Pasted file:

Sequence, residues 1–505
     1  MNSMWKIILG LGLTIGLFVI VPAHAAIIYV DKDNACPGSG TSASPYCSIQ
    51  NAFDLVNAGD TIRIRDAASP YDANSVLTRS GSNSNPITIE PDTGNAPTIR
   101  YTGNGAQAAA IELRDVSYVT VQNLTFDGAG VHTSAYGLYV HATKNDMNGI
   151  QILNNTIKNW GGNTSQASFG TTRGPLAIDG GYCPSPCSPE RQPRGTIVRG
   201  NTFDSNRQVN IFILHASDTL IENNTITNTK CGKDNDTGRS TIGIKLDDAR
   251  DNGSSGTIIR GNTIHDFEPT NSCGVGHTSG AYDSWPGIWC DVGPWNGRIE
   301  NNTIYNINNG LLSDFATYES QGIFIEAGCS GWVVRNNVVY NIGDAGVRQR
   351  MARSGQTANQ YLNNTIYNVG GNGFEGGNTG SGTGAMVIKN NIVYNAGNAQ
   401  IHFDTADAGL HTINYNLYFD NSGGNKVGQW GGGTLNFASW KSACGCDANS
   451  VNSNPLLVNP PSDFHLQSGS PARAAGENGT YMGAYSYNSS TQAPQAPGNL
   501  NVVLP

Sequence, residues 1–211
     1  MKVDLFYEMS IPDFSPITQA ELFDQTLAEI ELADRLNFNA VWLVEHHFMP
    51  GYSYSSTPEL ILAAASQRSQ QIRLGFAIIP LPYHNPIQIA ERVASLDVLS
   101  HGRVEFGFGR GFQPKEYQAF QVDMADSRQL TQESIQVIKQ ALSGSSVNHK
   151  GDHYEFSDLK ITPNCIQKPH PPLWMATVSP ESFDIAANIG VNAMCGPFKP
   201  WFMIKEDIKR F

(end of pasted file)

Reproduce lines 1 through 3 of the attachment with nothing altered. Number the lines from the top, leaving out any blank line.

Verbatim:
Sequence, residues 1–505
     1  MNSMWKIILG LGLTIGLFVI VPAHAAIIYV DKDNACPGSG TSASPYCSIQ
    51  NAFDLVNAGD TIRIRDAASP YDANSVLTRS GSNSNPITIE PDTGNAPTIR